Tax deductibility of your contribution to the Tipi Village Land Liberation fund is secured through our association with the Way Foundation (EarthTeach), an Oregon public trust with federal 5013C not-for-profit status. For more information go to Land Liberation Project. If you are interested in purchasing a Tipi go to Rogue Dwellings.
Some friends have mixed feelings about Instagram. And our particular fascination with the instant and shareable digital image. ’Why do people need to document everything they do?’ asks one friend. ”I just don’t get it- why all this ’sharing’?” “I don’t have time for this.”
We’re not one to evangelise. Some call Internet the ‘Innovation of loneliness’. It is fake. It can’t replace real relationships. It invades our privacy, jeopardises our integrity. (That’s another discussion we won’t go into here…) But people also said the same about the photographic image when it was invented. The magical process of capturing a fleeting moment was esoteric and subversive. It was seen as ’low art’ – vulgar, invasive. It captured souls and degraded aristocrats and royalty to the same objectified level as the rest of the population – who, meantime, were being documented and categorised in the great encyclopaedic view of the world that was being established by cameras. Before this time- we simply did not have a view of the ‘world’. We had tribes and provinces. We had stories and hearsay. And in that way, Instragram is just as human as the millions of users who make it what it is. A living neural network of images all used I different ways- and those ways are evolving by the millisecond. We have stories, and hearsay. We have comforting clichés. We have pictures worth a thousand words.
I watched floods in a live stream of photographic images on Instagram. I watched demonstrations, revolutions. I corroborate what I see on the news – on Instagram. I turn to images before words. What we choose to represent, say, smile at, ponder, perceive, or in short, share- doesn’t define who I am, but how I connect with relationships, or rather my relationship with my world view. I am, therefore I share. Because my friends and family are everywhere, and you know who you are.
So those people who are still stuck on the 20th century broken (vinyl) record that Internet is shaping our identity- I’d prefer to say, its identity that is using Internet, just as ‘IRL’ we’d use a light bulb to illuminate a room so we can see each other. We are still sharing content and nurturing the same 150 relationships we did in our pre-Internet lives. The only difference is, this public-intimacy can enable new connections, new possibilities, new community.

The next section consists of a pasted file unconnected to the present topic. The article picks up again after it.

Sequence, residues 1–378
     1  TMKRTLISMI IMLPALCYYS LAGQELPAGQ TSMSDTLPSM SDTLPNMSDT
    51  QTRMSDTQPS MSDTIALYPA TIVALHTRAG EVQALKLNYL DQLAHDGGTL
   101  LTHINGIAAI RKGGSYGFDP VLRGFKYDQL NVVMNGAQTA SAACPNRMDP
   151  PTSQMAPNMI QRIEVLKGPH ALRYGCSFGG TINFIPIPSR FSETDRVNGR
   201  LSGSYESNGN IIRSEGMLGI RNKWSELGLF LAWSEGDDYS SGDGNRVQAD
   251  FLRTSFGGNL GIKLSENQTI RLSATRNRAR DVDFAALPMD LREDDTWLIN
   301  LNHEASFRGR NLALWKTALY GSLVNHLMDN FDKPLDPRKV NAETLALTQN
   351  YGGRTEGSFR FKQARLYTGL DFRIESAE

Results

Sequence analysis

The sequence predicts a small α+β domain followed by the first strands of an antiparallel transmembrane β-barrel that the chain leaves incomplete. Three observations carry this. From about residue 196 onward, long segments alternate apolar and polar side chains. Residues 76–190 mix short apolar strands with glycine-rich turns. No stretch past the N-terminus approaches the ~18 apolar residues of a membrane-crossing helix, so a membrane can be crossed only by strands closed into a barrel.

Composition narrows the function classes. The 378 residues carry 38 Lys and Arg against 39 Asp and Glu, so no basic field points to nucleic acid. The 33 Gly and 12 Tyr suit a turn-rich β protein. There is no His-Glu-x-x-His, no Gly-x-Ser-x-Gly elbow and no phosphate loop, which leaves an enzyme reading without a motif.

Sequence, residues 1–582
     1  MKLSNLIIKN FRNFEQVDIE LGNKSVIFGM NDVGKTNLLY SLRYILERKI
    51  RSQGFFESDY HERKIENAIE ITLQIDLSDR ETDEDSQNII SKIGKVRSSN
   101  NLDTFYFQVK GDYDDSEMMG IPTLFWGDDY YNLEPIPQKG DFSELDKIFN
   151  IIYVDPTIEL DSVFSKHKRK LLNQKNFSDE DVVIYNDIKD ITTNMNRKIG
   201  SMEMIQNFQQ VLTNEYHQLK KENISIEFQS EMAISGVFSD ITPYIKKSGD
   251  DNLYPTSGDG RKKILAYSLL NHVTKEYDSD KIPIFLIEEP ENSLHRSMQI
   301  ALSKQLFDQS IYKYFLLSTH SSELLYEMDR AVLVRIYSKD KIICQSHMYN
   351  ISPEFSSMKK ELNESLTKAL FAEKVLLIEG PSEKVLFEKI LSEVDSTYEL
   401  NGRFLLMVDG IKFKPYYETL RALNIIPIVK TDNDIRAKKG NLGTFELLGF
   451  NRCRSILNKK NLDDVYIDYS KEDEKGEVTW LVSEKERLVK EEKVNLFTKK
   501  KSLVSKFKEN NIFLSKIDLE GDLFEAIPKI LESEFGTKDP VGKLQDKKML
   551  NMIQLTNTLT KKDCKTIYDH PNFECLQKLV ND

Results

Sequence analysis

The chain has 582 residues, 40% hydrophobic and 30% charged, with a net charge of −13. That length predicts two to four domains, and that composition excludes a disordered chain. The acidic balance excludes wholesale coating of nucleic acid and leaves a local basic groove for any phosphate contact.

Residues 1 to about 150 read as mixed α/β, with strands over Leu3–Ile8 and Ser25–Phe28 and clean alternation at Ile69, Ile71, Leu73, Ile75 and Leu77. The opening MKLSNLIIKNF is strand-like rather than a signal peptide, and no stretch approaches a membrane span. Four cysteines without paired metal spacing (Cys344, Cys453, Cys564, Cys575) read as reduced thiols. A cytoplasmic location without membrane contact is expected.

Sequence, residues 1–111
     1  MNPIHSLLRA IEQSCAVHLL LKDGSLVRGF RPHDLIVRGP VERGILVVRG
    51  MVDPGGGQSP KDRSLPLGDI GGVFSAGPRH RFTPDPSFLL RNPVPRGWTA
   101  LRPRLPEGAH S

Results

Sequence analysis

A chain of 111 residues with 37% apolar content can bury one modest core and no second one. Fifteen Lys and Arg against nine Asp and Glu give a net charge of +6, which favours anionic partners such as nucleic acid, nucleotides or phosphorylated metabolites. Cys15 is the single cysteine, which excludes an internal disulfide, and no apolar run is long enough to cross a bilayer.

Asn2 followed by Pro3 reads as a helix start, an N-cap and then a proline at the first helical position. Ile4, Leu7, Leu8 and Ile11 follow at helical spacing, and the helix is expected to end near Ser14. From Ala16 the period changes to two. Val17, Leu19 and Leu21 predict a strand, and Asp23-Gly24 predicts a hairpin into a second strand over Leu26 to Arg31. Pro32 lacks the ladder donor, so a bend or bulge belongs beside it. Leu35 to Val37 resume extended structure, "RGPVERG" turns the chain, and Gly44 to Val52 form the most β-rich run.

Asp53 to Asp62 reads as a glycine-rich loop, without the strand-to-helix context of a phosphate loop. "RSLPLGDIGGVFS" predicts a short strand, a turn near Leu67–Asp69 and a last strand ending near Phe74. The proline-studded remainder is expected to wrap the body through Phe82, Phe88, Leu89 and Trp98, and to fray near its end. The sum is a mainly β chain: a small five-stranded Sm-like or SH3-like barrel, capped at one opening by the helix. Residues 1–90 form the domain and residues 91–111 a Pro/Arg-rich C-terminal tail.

Photography couldn’t replace the painted image, and Internet is no substitute for the real thing. Well, guess what- it was never supposed to be. Instagram, like any new technology, until ubiquitous, is a ‘cult’ that is hard to explain to non-believers. The users themselves are changing its meaning as its use evolves over time. And its only usage that alllows technology to find its meaning in our lives. Images don’t take my time- they offer us back time spent in milliseconds. Moments stretched and remembered. Life is long if you know how to live it.
Instagram began as a simple aestheticisation of the banal. Giving us a little everyday poetry in otherwise banal moments. Then we used it to post statements- bus-stop philosophy if you like. Words of wisdom = I’m a teenager, I’m bored, I’ve been hurt…I don’t give a damn…
But recently. Another subtle shift: Instagram has grown into its name- it is truly an Instant telegram, a message as an image, deeply coded towards each viewers relationship with the sender, layers of individual, personal, social, or communal meaning.
A image worth 300 twitter / SMS characters.
The view from an airplane = I’ll be with you soon!
My view, part of me included in the frame = I am so grateful for this, now…
A picture of myself = Let my gaze meet yours, for a moment, whoever you are. A flower in bloom = The world brings sadness, but it’s also strong and beautiful. Can’t you see it? #personaluniverse @foryoumyfriend, @elegantconfusion
Far apart, so close. Lovers of language. Lovers who don’t exist.
Polya’s lovely book is not just about mathematics but about problem solving in a wider sense.
xvi Guidelines are not literal
p1 A teacher should help the students, share knowledge, and swap places
p15 — A problem is never exhausted // Drop the idea that problems have little or no relation to each other
p72 Try to prove formally what is seen intuitively and to see intuitively what has been proved formally
p75-6 decomposing and recombining problems… variations on the problem…